November 1, 2012;
State-independent intracellular access of quaternary ammonium blockers to the pore of TREK-1.
We previously reported that TREK-1
gating by internal pH and pressure occurs close to or within the selectivity filter. These conclusions were based upon kinetic measurements of high-affinity block by quaternary ammonium (QA) ions that appeared to exhibit state-independent accessibility to their binding site within the pore. Intriguingly, recent crystal structures of two related K2P potassium channels were also both found to be open at the helix bundle crossing. However, this did not exclude the possibility of gating at the bundle crossing and it was suggested that side-fenestrations within these structures might allow state-independent access of QA ions to their binding site. In this addendum to our original study we demonstrate that even hydrophobic QA ions do not access the TREK-1
pore via these fenestrations. Furthermore, by using a chemically reactive QA ion immobilized within the pore via covalent cysteine modification we provide additional evidence that the QA binding site remains accessible to the cytoplasm
in the closed state. These results support models of K2P channel gating which occur close to or within the selectivity filter and do not involve closure at the helix bundle crossing.
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References [+] :
Figure 1. Refined structural models of TREK-1 with TPenA bound. (A) Bottom up view of a structural model of the TREK-1 pore with docked TPenA. The model was based upon the crystal structure of TRAAK (PDB ID: 3UM7). Those residues which interact with TPenA are highlighted as spheres and colored green if they agree with our functional scanning mutagenesis study or red if a false positive. Only residues on one protomer are numbered. (B) Similar model based upon the crystal structure of TWIK-1 (PDB ID: 3UKM). (C) Similar model based upon the crystal structure of KvAP (PDB ID: 1ORQ). (D) Solvent-accessible surface area (SASA) of a TREK-1 model, based on TRAAK, in which the side-fenestrations are still clearly visible. The SASA of the phospholipid head groups is colored green whereas the TREK-1 model is colored gray. For one protomer, the outer (M1 and M3) and inner (M2 and M4) transmembrane helices are highlighted in orange and blue, respectively. The docked TPenA is also visible through the side-fenestration (colored in yellow spheres) and QA ion access to this binding site occurs via the cytoplasmic pore of the channel (indicated by direction of the arrow).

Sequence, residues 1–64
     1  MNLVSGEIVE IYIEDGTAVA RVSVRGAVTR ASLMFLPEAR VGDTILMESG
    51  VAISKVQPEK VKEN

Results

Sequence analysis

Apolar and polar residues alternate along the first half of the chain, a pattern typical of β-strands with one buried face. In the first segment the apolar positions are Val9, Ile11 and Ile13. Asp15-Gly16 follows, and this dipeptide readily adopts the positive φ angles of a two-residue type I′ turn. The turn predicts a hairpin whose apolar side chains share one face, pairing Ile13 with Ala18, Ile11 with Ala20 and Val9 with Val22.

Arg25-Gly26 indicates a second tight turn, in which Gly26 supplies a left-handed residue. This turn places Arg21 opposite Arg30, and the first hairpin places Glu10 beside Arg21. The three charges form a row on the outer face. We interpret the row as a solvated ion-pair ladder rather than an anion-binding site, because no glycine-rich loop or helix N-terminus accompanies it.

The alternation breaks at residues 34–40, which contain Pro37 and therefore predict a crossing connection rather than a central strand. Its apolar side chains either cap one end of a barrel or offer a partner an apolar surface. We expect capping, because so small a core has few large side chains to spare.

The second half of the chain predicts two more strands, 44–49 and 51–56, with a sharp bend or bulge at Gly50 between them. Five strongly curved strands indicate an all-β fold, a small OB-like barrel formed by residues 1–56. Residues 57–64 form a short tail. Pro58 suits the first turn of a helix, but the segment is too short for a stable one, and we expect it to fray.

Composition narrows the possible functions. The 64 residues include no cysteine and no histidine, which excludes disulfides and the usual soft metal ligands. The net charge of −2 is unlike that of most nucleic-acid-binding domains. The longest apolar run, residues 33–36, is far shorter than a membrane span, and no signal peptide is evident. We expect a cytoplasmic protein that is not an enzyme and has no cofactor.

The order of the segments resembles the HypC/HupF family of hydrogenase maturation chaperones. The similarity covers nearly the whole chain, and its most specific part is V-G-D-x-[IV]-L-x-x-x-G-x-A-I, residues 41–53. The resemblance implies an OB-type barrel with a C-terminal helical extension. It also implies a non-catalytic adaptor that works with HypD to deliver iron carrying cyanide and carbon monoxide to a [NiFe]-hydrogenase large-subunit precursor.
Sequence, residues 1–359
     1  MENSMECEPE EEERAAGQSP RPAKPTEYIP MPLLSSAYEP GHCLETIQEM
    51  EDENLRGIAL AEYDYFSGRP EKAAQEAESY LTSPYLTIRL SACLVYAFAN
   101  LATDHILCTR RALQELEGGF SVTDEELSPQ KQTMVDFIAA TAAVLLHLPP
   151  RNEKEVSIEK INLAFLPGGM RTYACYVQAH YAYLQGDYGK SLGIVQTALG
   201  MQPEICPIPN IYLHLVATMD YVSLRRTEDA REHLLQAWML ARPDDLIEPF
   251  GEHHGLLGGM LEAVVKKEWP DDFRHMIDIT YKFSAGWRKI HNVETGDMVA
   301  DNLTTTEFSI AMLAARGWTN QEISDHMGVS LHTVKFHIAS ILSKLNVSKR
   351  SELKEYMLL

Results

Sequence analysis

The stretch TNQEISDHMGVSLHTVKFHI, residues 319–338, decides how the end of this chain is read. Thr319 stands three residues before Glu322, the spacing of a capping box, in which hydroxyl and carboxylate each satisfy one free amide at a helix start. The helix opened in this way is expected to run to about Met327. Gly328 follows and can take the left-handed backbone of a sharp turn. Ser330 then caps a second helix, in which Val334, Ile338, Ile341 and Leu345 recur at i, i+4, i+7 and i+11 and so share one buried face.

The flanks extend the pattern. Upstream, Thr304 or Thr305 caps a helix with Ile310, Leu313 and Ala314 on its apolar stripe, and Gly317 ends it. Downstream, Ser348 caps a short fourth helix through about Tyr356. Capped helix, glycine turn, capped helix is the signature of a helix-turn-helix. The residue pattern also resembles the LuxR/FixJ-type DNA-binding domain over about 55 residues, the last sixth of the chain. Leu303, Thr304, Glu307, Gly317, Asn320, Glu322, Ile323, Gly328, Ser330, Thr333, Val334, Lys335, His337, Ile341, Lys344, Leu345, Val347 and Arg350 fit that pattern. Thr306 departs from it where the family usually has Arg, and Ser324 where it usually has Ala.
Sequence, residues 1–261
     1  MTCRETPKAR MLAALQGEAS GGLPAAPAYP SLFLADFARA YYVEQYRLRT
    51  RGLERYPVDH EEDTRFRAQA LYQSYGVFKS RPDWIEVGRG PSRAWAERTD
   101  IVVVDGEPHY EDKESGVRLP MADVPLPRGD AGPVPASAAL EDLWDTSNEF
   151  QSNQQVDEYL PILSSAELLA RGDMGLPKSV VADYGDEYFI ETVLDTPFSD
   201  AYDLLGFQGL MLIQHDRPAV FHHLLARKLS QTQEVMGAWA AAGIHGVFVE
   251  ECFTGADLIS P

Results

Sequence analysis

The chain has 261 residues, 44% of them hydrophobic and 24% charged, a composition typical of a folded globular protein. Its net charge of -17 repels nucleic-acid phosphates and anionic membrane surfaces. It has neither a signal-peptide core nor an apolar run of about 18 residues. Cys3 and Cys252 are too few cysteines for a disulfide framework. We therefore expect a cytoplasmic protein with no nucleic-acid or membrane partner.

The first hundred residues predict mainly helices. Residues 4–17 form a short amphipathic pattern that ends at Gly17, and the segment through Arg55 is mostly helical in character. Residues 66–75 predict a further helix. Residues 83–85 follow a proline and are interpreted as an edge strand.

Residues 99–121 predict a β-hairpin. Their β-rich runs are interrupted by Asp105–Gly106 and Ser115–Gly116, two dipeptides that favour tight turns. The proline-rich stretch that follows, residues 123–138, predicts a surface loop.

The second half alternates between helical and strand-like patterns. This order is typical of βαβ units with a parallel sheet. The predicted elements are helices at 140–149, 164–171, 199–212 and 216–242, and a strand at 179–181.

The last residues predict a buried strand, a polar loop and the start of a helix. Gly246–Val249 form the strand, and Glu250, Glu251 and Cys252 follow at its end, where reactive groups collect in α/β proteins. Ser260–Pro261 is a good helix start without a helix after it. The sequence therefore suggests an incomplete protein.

Figure 2. MTS-TBAO block and modification of TREK-1. (A) TREK-1 channel currents expressed in Xenopus oocytes measured at -80 mV in inside-out patches, activated from pH 8 by pH 5 and exposed to MTS-TBAO for 120 sec. A small and reversible block [8.2 ± 0.5% at 100 µM; (n = 4)] by the TBAO-moiety was obtained. (B) Concentration-response curves for tetrabutylammonium (TButA) inhibition of wild-type TREK-1 and G186C channels fitted to a standard Hill function with IC50 values and Hill-coefficients of 4.8 ± 0.3 mM and 1.4 ± 0.1 (n = 5) for wt; 0.5 ± 0.1 mM and 1.1 ± 0.1 for G186 (n = 6). Data points represent mean ± SEM (C) Structural model of the P1 subunits in the TREK-1 pore, the M3 and M4 helices from the P2 subunit are removed for clarity. The MTS-TBAO was linked to the introduced cysteines at position 186 with the SH-group in yellow, which is located in close proximity to the predicted QA binding site (green). (D) Application of MTS-TBAO on TREK-1-G186C mutant channels results in an initial fast block [24.2 ± 1% at 20 µM; (n = 5)] followed by a monoexponential time course [τ = 18.6 ± 3.9 sec; (n = 5)] for the modification of this cysteine that irreversibly reduced the current by up to 90%.
Figure 3. State-independent access of MTS-TBAO to the inner pore of TREK-1. (A) TREK-1 currents activated by pH 5 were exposed to repeated applications of 20 µM MTS-TBAO at pH 8 for the times indicated by the arrows in order to test the accessibility of Cys-186 in the closed state. (B) A similar experiment performed in the presence of 1 mM TPenA, which blocks TREK-1 with an IC50 of 13 ± 1 µM.8 The channels were exposed to the blocker during the time indicated by the horizontal bars that resulted in complete inhibition of the current. Twenty µM MTS-TBAO was then applied to the blocked channel at times indicated by the arrows. (C) Time course of the relative current decline from experiments such as those shown in panelsA and B as a function of cumulative reagent exposure (Modification Time x [MTS-TBAO]) resulted in a monoexponential time course of 0.7 ± 0.1 sec (n = 6) in absence and 8.2 ± 0.9 sec (n = 3) in the presence of 1 mM TPenA. Data points represent mean ± SEM. (D) Activation of TREK-1-G186C mutant channels by 10 µM PtdIns(4,5)P2 at pH 8 and subsequent application of MTS-TBAO irreversibly reduced the current. The decay of the current was fitted to a monoexponential function with a Tau (τ) of 1.2 ± 0.1 sec (n = 3).
Bagriantsev, Metabolic and thermal stimuli control K(2P)2.1 (TREK-1) through modular sensory and gating domains. 2012, Pubmed